My wife and I are on Railay Beach, Krabi, Thailand. Our snorkelling trip was delayed by half an hour. Our boat guy was driving slowly when he suddenly took the propeller out the water to turn the boat around. We were watching biblical proportion waves crashing 3/4 the way up the islands. The walls of water headed our way were near 15ft but due to our boat guy's skill, he rode them out without tipping us over. There were 4 boats sunk and a 5th boat laden with snorkelling tourists missing people. Anxious to make it back, our driver negotiated the bounce back from the land which nearly threatened to tip us over again. Near the beach, we had to wait for a lull in the waves before motoring it safely in. If we hadn't been delayed, we would have been snorkelling where they were pulling out bodies. We were lucky today.
Lee & Lisa Matthews, Crawley, West Sussex, UK
At Railay Beach West, Phra Nang and Tonsai the bungalows, bars and restaurants have been washed out. I was on Phra Nang beach when the wave hit and there was general panic. Yachts and boats were being flipped over and people out swimming were trapped in caves. Lots of people were cut up and hurt in the initial surge as they were swept from the beach. People are reported to be missing who were out diving or on long boats. The helicopters have been lifting the badly injured out and there is electricity. No one really knows what's going on.
Zoe, Railay, Krabi
It is a most eerie feeling, me sitting here safe in my home watching the horror and heartbreak of the earthquake. I had a seat on a flight, a last minute, invitation to go to Phuket on Christmas Day, however after many phone calls, I was unable to get a room in any hotel on Patpong Beach. The series of my emotions overwhelm me, how does one celebrate their good fortune, in the face of such devastation to other families?
Elaine Armstrong, UAE
Arrived back in the UK on 29 Dec from the South West coast of Sri Lanka, where we watched the tsunami surge up the beach, into the swimming pool, and finally destroy the whole ground floor of the Koggala Beach Hotel - 15kms east of Galle. We were evacuated to a nearby Buddhist temple, where the Monks very generously welcomed 200 plus tourists into their home. The entire night was spent listening to helicopter rescue missions from the Air Force base close to the temple. The people of Sri Lanka cannot be commended enough on their sterling effort in ensuring our safety and wellbeing, despite their own suffering and devastation. It was truly a lesson in humility for us all.
Hazel McCullough, Chester, UK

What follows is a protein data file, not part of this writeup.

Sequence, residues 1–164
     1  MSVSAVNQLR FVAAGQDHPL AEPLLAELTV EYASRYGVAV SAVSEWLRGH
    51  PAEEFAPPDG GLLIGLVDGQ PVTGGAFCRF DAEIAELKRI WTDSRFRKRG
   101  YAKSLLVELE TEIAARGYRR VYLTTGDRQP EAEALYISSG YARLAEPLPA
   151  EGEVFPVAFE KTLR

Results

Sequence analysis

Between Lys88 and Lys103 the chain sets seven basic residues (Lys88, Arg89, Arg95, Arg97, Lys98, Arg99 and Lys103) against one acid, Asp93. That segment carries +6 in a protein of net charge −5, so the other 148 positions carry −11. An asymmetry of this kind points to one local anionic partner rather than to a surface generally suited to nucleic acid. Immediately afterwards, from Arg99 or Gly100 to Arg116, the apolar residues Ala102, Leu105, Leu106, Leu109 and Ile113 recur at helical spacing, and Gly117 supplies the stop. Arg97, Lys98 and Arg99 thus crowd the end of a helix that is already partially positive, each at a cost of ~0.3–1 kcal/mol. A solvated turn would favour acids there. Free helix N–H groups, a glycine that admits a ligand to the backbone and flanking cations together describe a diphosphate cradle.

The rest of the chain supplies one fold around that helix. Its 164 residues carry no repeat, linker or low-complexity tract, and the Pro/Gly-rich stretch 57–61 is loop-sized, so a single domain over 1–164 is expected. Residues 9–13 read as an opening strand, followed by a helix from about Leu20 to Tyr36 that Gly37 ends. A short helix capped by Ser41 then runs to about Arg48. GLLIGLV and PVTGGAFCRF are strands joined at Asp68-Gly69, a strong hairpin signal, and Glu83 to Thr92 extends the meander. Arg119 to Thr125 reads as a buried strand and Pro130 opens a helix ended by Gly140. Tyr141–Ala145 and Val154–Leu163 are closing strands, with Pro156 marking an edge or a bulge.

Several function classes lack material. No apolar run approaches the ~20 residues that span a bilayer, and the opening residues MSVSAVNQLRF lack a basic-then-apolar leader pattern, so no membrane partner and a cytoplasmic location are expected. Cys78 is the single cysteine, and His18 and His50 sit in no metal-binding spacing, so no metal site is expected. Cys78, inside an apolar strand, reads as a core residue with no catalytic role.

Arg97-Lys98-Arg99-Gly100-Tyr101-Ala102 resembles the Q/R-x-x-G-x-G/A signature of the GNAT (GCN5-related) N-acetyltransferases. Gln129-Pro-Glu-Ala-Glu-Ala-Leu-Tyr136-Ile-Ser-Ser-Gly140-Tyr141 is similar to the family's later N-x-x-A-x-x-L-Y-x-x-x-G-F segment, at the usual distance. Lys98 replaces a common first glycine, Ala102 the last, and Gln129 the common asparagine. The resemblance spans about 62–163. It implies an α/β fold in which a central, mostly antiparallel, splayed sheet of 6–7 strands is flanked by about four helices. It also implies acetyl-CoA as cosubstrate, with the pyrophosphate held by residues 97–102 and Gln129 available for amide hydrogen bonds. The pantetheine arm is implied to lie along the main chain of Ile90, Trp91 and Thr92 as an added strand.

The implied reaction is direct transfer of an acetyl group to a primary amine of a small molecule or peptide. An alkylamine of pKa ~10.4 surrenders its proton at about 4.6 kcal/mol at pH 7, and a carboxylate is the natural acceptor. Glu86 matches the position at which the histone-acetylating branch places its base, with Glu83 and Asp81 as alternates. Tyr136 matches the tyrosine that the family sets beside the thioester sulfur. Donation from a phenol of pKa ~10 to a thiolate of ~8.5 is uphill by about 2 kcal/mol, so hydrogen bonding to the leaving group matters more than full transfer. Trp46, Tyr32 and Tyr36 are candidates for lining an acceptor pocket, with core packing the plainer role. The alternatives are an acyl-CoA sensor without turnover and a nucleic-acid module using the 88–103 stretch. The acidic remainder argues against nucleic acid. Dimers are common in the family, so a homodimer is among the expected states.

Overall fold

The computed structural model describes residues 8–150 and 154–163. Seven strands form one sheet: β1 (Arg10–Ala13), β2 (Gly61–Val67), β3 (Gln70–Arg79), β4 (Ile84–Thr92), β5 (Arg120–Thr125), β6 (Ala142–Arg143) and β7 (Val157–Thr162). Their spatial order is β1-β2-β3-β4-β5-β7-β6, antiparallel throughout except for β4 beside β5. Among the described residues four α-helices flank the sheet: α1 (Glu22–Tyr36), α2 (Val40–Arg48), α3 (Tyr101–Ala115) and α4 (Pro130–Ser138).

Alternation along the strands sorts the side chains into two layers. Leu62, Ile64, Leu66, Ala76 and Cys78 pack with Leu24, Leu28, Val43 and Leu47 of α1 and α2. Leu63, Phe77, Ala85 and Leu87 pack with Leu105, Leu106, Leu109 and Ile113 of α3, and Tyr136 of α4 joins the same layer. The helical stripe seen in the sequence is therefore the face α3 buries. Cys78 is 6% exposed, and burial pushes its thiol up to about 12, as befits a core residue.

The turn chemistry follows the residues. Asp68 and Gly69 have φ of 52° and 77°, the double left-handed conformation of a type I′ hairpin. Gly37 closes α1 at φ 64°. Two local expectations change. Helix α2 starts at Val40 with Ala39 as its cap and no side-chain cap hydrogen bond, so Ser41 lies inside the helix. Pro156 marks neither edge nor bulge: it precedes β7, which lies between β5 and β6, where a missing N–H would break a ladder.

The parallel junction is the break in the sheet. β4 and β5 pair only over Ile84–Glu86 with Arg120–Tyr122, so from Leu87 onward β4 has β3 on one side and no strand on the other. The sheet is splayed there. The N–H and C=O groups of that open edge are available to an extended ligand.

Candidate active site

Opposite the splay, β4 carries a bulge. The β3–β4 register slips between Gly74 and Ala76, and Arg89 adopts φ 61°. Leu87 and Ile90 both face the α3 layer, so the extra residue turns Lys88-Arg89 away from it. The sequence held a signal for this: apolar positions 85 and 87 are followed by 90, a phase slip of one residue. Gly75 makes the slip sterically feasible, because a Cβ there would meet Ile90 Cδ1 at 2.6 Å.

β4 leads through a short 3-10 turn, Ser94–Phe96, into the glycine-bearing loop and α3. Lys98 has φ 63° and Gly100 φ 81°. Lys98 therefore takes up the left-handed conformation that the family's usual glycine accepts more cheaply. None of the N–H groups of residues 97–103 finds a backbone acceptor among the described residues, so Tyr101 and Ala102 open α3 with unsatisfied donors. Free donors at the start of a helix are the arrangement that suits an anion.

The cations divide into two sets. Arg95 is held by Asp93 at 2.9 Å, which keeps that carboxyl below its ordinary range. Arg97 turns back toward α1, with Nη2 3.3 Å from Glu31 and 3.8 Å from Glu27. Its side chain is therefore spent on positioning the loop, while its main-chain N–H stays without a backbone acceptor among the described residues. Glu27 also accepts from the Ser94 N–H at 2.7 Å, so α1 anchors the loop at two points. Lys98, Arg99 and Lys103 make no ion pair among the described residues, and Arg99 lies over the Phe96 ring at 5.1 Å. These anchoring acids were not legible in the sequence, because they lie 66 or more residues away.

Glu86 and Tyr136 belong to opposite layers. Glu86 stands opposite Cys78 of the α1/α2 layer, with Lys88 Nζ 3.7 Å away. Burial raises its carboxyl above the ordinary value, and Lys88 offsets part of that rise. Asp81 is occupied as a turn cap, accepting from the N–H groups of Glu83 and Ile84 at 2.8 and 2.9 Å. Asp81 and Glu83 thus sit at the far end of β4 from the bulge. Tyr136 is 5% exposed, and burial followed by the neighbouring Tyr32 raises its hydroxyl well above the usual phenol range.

We were on Phi Phi and escaped to the highest point of the resort where we spent the night. We saw the killer wave approach and it was terrifying. A make-shift hospital near the tennis court where the helicopter could land to transport the most serious cases to Phuket hospital. We would like everybody to know the Thais have been incredible in dealing with this disaster. We never came across a nation with so much kindness and care, even when the situation is dire. Many of the locals cannot swim and are petrified of water, yet they tried their utmost to make it bearable for us. We are deeply touched and would urge people to keep coming to this country because there are many places that have not been hit and tourism is a huge earner here. The worst would be to stay away now!
Toni and Ruth Cacciapaglia, Krabi - resident in London, UK
£50 just doesn't seem enough. I can replace that money with time, but these people cannot replace what has been lost. How could anyone turn their back? Words can't describe what we are seeing. This is the time we need to unite and help those who need it the most.
Beth, Gloucester, England
There are white flags of mourning all over Sri Lanka, and each day the death toll seems to be rising. The only way people can find some solace amidst all this destruction is to give all that they can to those who have nothing left. The amount of human compassion and support is astounding. It is, however, sad that it takes an act of nature for people to realise how fragile our existence is, and that really all the discrimination and the politics ultimately has very little value.
Maldives, one could say was lucky in this disaster compared to countries such as Indonesia and Sri Lanka, but there is still extensive work needed. Whole islands have been flattened leaving no buildings or infrastructure left. Horrific stories of a mother breastfeeding her three month old baby on the beach early that morning, and then losing her baby as the wave swept her away are only now coming out, as traumatised people start talking. It becomes apparent that relief in terms of physical supplies is not enough, the psychological impact of this is never going to leave these people and these countries.
Fathimath, Colombo, Sri Lanka originally Maldives
The Asian disaster came as a shock to the whole world at the end of the year. It was indeed sad to see people dying so inhumanly. It was indeed a great disaster not only to the affected countries but also the rest. This is the testing time not only for the government but also the public to come together and contribute a little in their own way. Let us not say it just with words but by putting them into action. Let us join our hands to make a difference to those who have lost their loved ones in the disaster.
Basty Latha Shenoy, Mangalore, India